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Jean BOYER (bef. 1600-1648)
Chansons à boire et à danser - Airs de cour
Ratas del viejo Mundo/Floris De Rycker
Recorded 2019 at AMUZ, Antwerp, Belgium DDD
Texts and translations included
Reviewed as a stereo 16/44 download with pdf booklet from Outhere
RAMÉE RAM1910 [53:51]

The air de cour was one of the main genres of musical entertainment at the French court in the first half of the 17th century. Some composers who contributed to this genre are still well-known, such as Puerre Guédron, Antoine Boësset, Etienne Moulinié and Michel Lambert. The term air de cour was used for the first time by the music publisher Adrian Le Roy who in 1571 published the collection Livre d'air de cours miz sur le luth: songs for voice and lute. He explained that he had adapted simple songs which were known as vaudeville or voix de ville. Some of these were originally written by Nicolas de la Grotte, on texts by Pierre de Ronsard. Until the end of the century various collections of airs de cour were published, but these were all polyphonic. However, they were different from the chansons which were written earlier in that they were simpler, strophic and homophonic. That allowed the text to be more clearly understandable.

The present disc includes a selection of airs by Jean Boyer, one of the lesser-known composers from the heydays of the genre. He was a man of many qualities: educated as a viola da gamba player, he also mastered plucked instruments as well as wind instruments, such as the oboe and the musette. It is very likely that he was of protestant confession. This did not prevent him from being appointed as viola da gamba player in the Chambre du roi and ordinaire de la musique of Louis XIII and his wife, Anne of Austria. This may well have been the effect of the Edict of Nantes, which was signed in April 1598 by King Henry IV and granted the Calvinist Protestants of France, also known as Huguenots, substantial rights in the nation.

Boyer's oeuvre comprises almost exclusively secular vocal music, especially airs de cour, which he published in four books between 1619 and 1642. Whereas the first book comprises songs for foir voices, the later collections are for one or two voices and accompaniment. The latter was usually meant to be played at the lute, one of the most revered instruments at the time. The performers have taken considerable liberties in this department. The programme offers a cross-section of Boyer's output: we get some songs from the first book, in which all the singers are involved, and songs from the later collections, in which some of them participate (a specification of the line-up in the various pieces would have been welcome). The character of the songs is also different: dance songs, which have an infectious rhythm, drinking songs and some bawdy items, as well as some serious pieces. The differences in content and musical character come off very well here.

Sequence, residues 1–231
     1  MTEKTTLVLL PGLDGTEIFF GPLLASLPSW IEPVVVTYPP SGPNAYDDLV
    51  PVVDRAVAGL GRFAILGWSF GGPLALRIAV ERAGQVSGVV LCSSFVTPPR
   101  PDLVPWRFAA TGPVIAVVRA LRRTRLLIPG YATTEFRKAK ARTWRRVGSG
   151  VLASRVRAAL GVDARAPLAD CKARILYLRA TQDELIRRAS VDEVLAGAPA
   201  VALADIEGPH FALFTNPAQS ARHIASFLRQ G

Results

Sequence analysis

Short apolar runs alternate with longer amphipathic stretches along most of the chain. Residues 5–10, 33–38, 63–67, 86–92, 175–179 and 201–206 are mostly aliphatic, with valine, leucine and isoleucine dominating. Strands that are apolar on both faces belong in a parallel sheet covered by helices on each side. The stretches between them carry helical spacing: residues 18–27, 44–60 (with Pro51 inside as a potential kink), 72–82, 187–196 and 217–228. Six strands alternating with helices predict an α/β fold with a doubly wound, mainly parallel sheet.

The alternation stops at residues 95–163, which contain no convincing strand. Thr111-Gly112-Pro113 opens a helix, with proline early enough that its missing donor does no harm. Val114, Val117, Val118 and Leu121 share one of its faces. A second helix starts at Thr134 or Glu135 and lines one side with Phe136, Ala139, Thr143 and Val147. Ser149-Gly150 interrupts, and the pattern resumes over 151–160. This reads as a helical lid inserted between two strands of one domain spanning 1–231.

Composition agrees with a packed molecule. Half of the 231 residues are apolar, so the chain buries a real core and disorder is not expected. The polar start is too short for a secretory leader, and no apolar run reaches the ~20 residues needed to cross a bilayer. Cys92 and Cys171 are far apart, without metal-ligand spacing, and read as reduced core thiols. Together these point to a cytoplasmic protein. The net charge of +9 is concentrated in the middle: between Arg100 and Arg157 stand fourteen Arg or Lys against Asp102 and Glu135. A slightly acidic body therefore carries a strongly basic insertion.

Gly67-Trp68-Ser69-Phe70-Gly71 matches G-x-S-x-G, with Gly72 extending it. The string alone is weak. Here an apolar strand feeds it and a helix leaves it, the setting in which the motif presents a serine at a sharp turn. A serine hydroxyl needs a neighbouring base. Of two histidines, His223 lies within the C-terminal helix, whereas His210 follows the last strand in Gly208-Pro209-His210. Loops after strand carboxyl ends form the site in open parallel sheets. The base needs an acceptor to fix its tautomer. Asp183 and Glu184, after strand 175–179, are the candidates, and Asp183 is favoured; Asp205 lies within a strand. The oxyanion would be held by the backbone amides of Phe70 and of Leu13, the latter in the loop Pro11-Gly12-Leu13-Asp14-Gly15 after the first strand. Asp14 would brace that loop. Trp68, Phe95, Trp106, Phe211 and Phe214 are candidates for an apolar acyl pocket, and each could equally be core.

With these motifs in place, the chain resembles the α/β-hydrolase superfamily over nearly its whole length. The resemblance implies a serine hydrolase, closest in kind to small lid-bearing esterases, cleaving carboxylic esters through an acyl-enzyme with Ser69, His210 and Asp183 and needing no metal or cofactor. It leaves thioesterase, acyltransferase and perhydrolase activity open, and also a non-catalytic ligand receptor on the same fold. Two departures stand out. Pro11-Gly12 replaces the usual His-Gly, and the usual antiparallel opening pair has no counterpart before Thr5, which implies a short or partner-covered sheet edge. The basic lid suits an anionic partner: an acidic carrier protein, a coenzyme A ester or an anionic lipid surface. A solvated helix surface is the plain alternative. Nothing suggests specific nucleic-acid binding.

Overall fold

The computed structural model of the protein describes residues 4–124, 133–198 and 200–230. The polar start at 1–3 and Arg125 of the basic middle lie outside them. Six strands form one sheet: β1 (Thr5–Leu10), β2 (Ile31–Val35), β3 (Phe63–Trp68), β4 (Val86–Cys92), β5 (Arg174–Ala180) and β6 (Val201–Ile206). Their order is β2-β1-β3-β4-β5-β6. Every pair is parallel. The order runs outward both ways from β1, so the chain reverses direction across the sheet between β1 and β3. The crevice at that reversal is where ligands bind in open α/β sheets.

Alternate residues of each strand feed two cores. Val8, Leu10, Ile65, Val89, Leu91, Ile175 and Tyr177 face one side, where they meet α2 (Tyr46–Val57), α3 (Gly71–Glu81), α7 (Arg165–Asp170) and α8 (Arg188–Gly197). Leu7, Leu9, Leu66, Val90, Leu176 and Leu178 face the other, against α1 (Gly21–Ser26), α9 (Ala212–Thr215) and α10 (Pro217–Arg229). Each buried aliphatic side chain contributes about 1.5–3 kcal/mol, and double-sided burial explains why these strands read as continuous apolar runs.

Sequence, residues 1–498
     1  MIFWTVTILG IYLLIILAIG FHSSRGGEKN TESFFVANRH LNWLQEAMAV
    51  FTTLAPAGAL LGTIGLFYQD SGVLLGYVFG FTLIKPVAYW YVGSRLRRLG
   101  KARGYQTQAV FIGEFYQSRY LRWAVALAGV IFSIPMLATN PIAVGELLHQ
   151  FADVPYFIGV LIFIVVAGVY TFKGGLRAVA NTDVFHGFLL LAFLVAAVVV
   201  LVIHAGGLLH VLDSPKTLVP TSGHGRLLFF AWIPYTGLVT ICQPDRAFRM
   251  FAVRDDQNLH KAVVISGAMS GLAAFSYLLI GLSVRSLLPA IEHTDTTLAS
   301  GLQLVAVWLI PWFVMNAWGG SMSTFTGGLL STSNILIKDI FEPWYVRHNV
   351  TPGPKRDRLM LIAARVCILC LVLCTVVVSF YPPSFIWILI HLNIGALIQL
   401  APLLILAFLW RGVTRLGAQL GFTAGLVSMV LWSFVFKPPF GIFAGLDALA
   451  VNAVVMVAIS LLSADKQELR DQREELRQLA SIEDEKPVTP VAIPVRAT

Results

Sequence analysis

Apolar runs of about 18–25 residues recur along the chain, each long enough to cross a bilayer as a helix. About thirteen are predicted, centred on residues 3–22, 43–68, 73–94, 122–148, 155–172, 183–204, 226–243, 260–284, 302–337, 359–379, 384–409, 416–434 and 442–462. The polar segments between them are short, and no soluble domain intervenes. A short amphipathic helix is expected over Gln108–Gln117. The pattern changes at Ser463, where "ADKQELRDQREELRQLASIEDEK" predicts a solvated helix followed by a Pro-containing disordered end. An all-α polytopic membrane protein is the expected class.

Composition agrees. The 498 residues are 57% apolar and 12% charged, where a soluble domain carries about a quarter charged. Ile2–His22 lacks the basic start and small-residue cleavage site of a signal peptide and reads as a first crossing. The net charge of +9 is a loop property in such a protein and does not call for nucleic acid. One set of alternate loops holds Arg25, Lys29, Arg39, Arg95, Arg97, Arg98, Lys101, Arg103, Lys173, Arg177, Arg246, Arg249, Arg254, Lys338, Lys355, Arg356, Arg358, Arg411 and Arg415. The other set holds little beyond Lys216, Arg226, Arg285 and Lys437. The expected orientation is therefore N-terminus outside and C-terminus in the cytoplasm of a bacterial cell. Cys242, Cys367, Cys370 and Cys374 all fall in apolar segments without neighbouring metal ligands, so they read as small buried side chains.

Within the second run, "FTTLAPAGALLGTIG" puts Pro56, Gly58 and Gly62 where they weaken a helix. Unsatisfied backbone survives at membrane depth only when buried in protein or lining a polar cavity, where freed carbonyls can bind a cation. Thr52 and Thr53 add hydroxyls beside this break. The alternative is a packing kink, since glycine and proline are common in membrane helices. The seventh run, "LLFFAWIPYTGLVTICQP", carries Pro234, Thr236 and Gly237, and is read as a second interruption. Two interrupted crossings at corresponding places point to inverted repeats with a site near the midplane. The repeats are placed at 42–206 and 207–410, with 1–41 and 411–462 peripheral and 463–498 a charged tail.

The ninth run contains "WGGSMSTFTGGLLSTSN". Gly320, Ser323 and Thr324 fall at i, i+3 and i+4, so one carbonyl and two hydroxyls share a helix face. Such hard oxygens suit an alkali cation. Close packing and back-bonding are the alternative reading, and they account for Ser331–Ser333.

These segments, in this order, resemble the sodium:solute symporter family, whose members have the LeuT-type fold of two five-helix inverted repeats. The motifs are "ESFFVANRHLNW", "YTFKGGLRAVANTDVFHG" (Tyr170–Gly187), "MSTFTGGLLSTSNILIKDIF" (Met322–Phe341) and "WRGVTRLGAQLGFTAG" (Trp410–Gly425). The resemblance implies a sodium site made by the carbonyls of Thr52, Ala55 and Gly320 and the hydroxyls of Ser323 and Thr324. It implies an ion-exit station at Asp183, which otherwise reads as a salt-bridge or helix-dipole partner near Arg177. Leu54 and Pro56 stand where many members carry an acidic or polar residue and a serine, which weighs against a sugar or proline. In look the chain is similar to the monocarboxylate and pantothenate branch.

It can only be appreciated that the ensemble offers the opportunity to become acquainted with an unknown master of the early 17th century in France. I can't remember having heard any of his music before. The entire musical world of early 17th-century France is not well-known, for that matter. There is some work to do in this respect. The singers do an excellent job here, and show great sensitivity to the variety in the repertoire. There is some engaging playing from the instrumentalists. From that perspective this disc deserve an unequivocal recommendation.

However, there are a couple of issues I have to mention. First, the performers could have been a little less economical: less than 54 minutes of music at full price is something of the old vinyl days. Second, I find the use of modern French pronunciation hard to understand. We know so much of the way French was pronounced at the time, that there is no justification to ignore it. A modern pronunciation sounds very unnatural to my ears. Third, as much as I am impressed by the way the various instruments are played, I wonder whether their variety is historically justified. I am particularly puzzled by the use of a kanklès, a Lithuanian plucked instrument. Why on earth is such an instrument used in French music of the 17th century?

Some readers may care less about such issues. I am sure they will enjoy this disc, as I did, despite my reservations. The latter don't in any way compromise my appreciation of what is on offer here.

Johan van Veen

Previous review: Gary Higginson

Absent de vos beaux jeux [2:27]
Filandre à rauy mon coeur/
Iris, voulez vo' toujours vivre sous la dure loi du devoir?/
Je n'ay rien veu dessous les cieux qui m'aye dompté de ses armes/
L'autre jour dessus la fougère [3:41]
Que ferai-je? Que dirai-je? [4:52]
Je suis à présent à moi [3:37]
Courante [2:04]
Compère, j'ai trouvé du vin [2:01]
Rigoureux souvenir d'une joie passée [2:40]
Donne-moi ton pucelage [1:43]
D'où vient que ces beaux jeux [2:32]
Que faisais-tu, gros garçon [2:12]
Sarabande [2:16]
Si j'aime autre que vous [2:20]
Sombres forêts, noires vallées [5:15]
Quoi! Faut-il qu'une même flamme? [2:28]
N'avez-vous point d'autre discours [1:43]
Quand je tiens ma chère bouteille [2:51]
Beau, voyant votre douceur [2:53]
Beaux jeux divins, que voyez dans mon coeur [2:17]
Je veux plutôt vivre pour te servir [3:46]

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